After weeks of rumors about Hewlett Packard Enterprise’s (HPE’s) long-awaited hybrid cloud management platform, the company today debuted OneSphere. The software-as-a-service (SaaS) provides a single point to access workloads and compare costs across public clouds and on-premises private clouds.
HPE has been talking about the product, then dubbed Project New Stack, since its HPE Discover conference in June. At the time, company executives said New Stack would be an appliance that “shows up as a private cloud that bridges to hybrid cloud.”
Since then it morphed into a SaaS, but the idea remains the same: provide customers with a tool to build private clouds and connect public cloud resources, supporting both traditional and cloud-native applications.
“We’re trying to make hybrid IT simple,” said Ric Lewis, senior vice president and general manager, software-defined and cloud group at HPE, in a webcast with reporters prior to the product launch. “All your clouds are available in one place, eliminating silos across on-prem and public clouds. HPE can manage the end-to-end lifecycle through the SaaS portal.”
OneSphere, which will be generally available in January, works across virtual machines, containerized workloads, and bare metal applications. It also spans hyperconverged and converged infrastructure.
It will initially support Amazon Web Services (AWS), and will “soon” add Microsoft Azure and Google public clouds, Lewis said. In customers’ on-premises data centers, the product will work with VMware-based private clouds and Kubernetes containers. “In the future, OpenStack, Azure Stack, and others will be supported,” Lewis added.
The platform’s single view also compares costs and usage across clouds and on-premises deployments. This can help CIOs better control resources and spending.
OneSphere’s unified experience streamlines DevOps as well, the company claims, because it gives developers access to a virtual resource pool with all of an enterprises’ templates, cloud-native tools, and applications.
Early-access customers include film studio DreamWorks and HudsonAlpha Institute for Biotechnology.
OneSphere to Manage All Clouds?
As companies increasingly embrace a hybrid cloud approach, HPE isn’t the only vendor selling its hybrid or multi-cloud management story. Cisco’s CloudCenter allows companies to deploy and manage applications across public clouds or data center environments. It also compares costs of running applications in public and private clouds.
“Dell EMC is working on a similar unified composable software layer,” said analyst John Abbott, co-founder of 451 Research, in an email.
“HPE’s differentiation with OneSphere comes from its lightweight approach, multi-cloud support (with no dependencies on a dominant cloud partner), combined with its expertise with converged and composable systems gained from its Converged Systems, Synergy, and Cloudline servers,” Abbott said. “It’s also early to pick up on the idea of separating out the control plane layer and hosting it in the cloud as the management point for multi-clouds, on-premises private cloud, and legacy physical hardware – also spanning virtualized, containerized, and bare metal system resources, as well as converged and hyperconverged.”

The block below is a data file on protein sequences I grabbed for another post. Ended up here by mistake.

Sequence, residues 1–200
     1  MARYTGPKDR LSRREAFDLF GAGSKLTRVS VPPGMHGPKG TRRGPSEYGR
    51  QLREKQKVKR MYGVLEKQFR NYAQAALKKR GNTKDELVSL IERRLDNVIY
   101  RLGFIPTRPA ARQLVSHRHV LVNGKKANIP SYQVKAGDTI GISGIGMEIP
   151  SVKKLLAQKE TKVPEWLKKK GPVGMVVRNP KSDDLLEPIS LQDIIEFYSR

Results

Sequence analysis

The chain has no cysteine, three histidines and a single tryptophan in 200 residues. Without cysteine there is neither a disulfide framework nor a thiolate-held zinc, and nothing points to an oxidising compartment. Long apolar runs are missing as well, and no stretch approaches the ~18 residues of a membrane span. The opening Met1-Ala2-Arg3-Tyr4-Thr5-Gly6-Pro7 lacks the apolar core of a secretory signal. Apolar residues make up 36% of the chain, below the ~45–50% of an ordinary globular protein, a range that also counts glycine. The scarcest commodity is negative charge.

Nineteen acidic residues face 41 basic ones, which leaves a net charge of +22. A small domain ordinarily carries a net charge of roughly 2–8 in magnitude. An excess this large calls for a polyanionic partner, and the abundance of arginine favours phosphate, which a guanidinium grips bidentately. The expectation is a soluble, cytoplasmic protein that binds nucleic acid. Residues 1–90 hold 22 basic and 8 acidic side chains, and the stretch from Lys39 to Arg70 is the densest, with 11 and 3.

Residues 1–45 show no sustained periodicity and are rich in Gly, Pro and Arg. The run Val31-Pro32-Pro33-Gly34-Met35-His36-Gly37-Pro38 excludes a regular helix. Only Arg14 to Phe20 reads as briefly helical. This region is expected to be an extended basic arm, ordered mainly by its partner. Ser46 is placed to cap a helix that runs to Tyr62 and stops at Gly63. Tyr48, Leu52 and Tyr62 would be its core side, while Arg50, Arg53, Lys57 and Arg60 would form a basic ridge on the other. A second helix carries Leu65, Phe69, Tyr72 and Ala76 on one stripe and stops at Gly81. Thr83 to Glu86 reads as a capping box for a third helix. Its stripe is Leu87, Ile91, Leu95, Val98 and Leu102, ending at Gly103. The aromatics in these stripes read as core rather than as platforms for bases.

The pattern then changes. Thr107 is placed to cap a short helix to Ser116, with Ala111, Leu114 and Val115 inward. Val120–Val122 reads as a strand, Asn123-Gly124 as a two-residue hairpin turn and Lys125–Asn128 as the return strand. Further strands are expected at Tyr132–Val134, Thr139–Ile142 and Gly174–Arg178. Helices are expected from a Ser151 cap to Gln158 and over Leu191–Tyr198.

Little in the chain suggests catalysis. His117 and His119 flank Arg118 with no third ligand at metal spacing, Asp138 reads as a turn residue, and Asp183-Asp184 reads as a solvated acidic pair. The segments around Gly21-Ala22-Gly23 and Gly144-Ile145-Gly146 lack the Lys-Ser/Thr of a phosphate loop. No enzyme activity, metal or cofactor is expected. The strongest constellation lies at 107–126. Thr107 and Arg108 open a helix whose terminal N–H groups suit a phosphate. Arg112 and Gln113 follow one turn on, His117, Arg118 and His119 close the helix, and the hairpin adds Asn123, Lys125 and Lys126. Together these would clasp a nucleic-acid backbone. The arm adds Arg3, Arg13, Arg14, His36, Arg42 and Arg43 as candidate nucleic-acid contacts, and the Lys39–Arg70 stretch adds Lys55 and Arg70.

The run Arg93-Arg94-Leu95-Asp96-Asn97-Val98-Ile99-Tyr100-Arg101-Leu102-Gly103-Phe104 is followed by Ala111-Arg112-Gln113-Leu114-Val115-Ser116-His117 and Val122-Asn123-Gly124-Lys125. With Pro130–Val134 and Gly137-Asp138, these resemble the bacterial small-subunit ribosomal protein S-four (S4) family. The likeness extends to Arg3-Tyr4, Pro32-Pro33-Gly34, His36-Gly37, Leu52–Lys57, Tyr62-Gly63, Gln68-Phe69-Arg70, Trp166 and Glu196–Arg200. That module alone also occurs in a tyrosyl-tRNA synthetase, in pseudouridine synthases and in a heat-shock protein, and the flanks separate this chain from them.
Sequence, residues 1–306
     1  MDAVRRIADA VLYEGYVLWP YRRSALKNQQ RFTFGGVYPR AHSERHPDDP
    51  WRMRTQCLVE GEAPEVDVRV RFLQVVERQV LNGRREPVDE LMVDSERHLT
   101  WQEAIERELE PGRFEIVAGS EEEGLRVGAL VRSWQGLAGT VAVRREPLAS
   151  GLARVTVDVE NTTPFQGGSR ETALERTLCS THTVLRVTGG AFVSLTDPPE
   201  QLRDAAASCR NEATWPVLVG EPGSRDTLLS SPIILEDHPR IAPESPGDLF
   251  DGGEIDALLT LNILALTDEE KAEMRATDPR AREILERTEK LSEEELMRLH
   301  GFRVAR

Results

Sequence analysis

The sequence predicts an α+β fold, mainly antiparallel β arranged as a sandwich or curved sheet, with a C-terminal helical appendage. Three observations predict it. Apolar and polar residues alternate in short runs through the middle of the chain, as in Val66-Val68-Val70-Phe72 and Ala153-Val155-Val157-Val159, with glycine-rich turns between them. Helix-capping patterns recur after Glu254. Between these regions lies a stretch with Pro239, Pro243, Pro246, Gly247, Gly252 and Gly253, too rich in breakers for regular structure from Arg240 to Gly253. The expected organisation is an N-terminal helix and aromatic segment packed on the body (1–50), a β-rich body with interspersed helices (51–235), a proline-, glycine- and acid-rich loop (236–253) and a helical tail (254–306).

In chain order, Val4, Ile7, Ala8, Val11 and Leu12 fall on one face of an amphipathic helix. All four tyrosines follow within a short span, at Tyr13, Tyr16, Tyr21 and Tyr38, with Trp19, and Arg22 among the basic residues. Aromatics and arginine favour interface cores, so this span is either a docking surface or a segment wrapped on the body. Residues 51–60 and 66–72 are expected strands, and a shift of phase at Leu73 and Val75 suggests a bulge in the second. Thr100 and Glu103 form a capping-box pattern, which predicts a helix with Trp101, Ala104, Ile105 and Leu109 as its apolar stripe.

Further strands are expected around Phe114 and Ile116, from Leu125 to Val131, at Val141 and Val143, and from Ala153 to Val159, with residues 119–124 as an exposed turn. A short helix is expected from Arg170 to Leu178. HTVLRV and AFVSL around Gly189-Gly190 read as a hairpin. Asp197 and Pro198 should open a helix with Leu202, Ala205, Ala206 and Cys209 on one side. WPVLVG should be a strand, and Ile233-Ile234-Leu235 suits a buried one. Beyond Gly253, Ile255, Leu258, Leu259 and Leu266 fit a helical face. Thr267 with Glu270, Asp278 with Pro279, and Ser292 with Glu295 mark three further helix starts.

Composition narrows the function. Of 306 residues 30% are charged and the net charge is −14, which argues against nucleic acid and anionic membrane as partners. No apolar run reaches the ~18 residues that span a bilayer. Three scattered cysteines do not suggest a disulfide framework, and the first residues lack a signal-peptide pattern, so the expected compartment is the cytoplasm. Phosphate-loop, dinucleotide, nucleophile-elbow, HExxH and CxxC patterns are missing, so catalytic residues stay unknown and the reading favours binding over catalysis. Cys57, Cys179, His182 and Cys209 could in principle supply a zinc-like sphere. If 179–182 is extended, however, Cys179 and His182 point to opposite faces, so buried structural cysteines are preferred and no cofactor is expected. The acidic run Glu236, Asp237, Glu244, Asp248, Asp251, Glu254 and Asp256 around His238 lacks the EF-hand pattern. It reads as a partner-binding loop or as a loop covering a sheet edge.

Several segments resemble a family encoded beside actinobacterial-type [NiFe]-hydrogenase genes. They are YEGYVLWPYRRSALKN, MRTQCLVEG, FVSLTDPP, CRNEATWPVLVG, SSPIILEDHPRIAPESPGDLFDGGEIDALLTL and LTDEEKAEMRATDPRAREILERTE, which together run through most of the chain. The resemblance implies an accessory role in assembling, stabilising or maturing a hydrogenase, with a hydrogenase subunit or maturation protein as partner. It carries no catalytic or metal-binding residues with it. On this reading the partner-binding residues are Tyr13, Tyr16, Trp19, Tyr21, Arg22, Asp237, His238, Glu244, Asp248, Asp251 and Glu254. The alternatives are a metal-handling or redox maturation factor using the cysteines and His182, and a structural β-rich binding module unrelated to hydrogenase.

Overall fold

Despite HPE and other vendors’ claims, there is no one hybrid cloud management tool on the market today that does everything, said Gartner analyst Mindy Cancila.
“Organizations must plan to use multiple tools, and I recommend they adopt the native cloud providers’ tools where possible,” Cancila said in an email, adding that these native cloud providers pose the biggest competitive threat. “They are innovating at a pace that nearly everyone struggles to keep up with; and in time their management capabilities may become complete enough that organizations no longer need third-party tools — specifically Microsoft Azure, which recently acquired Cloudyn, an expense management tool.”
Launch Follows Sluggish Sales
Another challenge for HPE will be reaching AWS and Microsoft Azure customers that are not HPE customers, Cancila added.
OneSphere could help drive customers toward HPE’s other next-generation data center products — like its composable and hyperconverged infrastructure systems — at a time when the company is struggling to grow revenues and spending billions of dollars buying cloud software and storage companies.
“HPE wants to get its existing customer base on board in the first instance, ensuring that they commit to a hybrid cloud strategy rather than move wholesale to the public cloud and away from on-premises and private cloud deployments,” 451 Research’s Abbott said. “By unifying the management around multiple on-premises architectures, it can also encourage its customers to move to its newest generation products.”